1 John 5:16-18
The Sin unto Death
Christianity is a mediated religion. This statement may shock some people who are aware that the Reformation taught us that we need not go before a priest to confess our sins but may go before God without the intervention of another. This is certainly true; our sins are forgiven us only through the person and work of the Mediator between God and man—Jesus Christ. But the Reformation also taught us that every believer is a priest, meaning that every believer may intercede for another believer—and not just for physical ailments but even that God would forgive his brother his sins as is plainly taught here: “If anyone sees his brother committing a sin not leading to death, he shall ask, and God will give him life—to those who commit sins that do not lead to death.” We tend to see sin as a matter between a person and his God; that’s because we Americans are rugged individualists. But we may pray to the Father that He forgive our brother’s sins, especially those which may not be so obvious to our brother. This is a very loving and kind thing to do for one another.
But then there is that troublesome line: “There is sin that leads to death; I do not say that one should pray for that.” We naturally ask: What is this sin leading to death over which a believer might even choose not to intercede on his brother’s behalf? In light of John’s letter, it would mean: 1) Not believing that Jesus is the Christ, the Son of God, who came in the flesh; 2) Not following our Lord’s commands; and, 3) Not loving our brothers. We should not see these three as isolated sins but as naturally connected—the one flowing from the other—and as deliberate and determined. This person has no intention to repent. Some call this the sin of apostasy referred to in Hebrews 6:1-8. Regardless, what we seem to have here is a deliberate turning away from the Lord and determination to live in presumptuous sin (see NICNT, 245-49). And please note, John does not command believers not to pray for such a one, only that they are not required to do so, leaving to the individual believer to intercede or leave matters in God’s hands.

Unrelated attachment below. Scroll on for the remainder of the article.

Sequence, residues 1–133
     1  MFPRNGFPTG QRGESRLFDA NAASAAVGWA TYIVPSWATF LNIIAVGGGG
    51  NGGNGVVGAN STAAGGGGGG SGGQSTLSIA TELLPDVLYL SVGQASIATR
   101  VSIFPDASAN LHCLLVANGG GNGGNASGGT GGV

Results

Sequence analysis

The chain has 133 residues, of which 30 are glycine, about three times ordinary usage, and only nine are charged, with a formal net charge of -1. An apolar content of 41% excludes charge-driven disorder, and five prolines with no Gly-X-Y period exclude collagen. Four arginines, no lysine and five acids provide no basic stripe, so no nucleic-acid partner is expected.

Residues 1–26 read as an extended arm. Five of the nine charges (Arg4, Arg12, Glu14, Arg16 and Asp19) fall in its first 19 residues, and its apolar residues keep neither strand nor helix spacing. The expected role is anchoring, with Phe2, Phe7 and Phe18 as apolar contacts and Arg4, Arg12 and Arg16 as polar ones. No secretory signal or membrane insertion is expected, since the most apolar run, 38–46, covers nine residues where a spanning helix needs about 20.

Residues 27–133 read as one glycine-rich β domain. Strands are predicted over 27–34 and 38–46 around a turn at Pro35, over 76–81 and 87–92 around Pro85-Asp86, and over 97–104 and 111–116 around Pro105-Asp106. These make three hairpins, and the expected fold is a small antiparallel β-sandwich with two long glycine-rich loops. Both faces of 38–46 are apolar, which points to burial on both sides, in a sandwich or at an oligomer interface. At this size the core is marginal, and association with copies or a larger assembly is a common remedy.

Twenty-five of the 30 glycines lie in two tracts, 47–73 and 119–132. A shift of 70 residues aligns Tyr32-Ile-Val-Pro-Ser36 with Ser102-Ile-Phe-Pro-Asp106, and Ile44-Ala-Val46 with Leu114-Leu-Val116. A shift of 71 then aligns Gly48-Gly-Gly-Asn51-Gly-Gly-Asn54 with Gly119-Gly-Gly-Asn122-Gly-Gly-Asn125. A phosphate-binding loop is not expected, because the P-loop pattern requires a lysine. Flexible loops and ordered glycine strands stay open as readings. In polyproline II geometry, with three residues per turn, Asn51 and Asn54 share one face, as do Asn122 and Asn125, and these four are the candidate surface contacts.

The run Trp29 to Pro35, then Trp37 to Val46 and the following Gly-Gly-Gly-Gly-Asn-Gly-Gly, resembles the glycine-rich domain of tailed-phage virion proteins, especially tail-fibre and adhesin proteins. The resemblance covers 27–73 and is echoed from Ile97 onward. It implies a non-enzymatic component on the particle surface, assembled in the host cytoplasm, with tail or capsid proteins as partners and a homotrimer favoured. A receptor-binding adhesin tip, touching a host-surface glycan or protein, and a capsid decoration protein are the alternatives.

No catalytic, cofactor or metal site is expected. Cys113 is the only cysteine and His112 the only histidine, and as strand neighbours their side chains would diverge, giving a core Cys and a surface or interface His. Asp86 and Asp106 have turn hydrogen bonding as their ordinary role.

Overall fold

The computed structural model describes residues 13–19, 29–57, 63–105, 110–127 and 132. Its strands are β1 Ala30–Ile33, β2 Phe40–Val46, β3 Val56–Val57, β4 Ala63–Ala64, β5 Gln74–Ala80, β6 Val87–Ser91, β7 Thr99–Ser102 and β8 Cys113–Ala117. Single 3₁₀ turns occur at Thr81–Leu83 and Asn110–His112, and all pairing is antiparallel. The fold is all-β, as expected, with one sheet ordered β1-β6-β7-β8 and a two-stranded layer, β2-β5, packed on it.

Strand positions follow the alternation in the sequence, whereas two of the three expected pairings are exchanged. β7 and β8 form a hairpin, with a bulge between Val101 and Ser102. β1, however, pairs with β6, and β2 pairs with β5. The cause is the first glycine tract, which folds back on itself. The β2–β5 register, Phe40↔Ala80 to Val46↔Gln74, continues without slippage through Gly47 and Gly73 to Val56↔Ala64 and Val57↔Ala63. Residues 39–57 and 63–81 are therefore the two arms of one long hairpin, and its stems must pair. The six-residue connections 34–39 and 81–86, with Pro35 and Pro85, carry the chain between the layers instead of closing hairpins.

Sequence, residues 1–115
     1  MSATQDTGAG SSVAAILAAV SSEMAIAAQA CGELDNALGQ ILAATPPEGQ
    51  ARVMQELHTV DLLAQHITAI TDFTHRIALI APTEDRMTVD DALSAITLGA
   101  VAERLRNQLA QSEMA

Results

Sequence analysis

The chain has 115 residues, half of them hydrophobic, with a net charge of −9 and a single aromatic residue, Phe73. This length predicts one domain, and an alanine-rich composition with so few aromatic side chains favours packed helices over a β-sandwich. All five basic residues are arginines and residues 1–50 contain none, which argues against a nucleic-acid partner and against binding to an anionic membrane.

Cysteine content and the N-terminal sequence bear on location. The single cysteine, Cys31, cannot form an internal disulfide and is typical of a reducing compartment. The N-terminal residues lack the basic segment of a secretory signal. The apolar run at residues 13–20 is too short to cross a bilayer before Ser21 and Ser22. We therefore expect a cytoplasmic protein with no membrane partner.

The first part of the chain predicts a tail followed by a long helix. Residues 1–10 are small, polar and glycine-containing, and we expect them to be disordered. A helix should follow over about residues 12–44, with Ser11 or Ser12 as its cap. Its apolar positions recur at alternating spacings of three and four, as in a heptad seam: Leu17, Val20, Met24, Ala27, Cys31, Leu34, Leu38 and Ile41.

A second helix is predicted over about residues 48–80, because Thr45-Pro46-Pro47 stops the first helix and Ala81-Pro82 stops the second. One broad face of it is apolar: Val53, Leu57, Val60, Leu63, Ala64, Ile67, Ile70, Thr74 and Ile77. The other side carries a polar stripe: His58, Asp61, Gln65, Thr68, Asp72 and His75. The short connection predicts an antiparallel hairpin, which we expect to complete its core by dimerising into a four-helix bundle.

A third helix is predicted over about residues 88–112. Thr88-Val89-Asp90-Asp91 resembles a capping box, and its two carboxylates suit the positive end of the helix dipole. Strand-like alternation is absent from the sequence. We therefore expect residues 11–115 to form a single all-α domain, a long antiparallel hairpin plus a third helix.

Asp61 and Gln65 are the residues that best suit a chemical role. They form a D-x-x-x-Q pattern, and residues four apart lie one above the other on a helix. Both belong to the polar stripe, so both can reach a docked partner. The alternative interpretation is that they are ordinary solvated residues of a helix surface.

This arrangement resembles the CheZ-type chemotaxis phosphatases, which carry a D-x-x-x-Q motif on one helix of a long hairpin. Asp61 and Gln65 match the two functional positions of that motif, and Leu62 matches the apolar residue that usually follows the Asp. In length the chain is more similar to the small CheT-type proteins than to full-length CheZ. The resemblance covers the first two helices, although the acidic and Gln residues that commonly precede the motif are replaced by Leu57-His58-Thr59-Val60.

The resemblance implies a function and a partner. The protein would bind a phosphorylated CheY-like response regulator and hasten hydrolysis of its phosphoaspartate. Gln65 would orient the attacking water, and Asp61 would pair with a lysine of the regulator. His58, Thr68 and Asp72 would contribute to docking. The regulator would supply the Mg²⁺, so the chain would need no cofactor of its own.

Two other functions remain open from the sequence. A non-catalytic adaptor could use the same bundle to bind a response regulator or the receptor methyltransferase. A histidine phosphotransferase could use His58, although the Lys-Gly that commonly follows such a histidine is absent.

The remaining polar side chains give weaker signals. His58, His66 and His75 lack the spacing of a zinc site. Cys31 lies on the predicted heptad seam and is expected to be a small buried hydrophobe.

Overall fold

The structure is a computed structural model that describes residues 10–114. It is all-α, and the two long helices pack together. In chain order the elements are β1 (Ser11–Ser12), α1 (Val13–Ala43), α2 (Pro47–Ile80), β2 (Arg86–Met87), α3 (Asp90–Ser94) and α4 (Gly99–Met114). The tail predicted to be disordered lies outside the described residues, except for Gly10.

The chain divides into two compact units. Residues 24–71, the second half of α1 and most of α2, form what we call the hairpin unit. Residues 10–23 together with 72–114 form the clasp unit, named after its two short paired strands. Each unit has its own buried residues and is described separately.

Although my ESV Bible separates verse eighteen from the foregoing, I believe these verses go together. “All wrongdoing is sin,” we are told. But lest some doubt, the faithful are reminded that the one born of God “does not keep on sinning.” And why is this? Because “God protects him, and the evil one does not touch him.” Those born again have a sure heritage founded not on themselves but on the Keeper of their souls. Therefore, let us apply to our Lord and Master in temptation; He is our Refuge and Shield.